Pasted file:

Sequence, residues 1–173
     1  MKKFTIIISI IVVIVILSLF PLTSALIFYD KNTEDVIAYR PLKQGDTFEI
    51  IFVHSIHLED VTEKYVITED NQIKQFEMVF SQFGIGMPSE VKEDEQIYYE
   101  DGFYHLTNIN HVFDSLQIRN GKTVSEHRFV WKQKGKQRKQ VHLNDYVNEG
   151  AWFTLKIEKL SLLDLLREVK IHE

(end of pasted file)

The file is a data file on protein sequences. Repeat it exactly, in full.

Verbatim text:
Sequence, residues 1–173
     1  MKKFTIIISI IVVIVILSLF PLTSALIFYD KNTEDVIAYR PLKQGDTFEI
    51  IFVHSIHLED VTEKYVITED NQIKQFEMVF SQFGIGMPSE VKEDEQIYYE
   101  DGFYHLTNIN HVFDSLQIRN GKTVSEHRFV WKQKGKQRKQ VHLNDYVNEG
   151  AWFTLKIEKL SLLDLLREVK IHE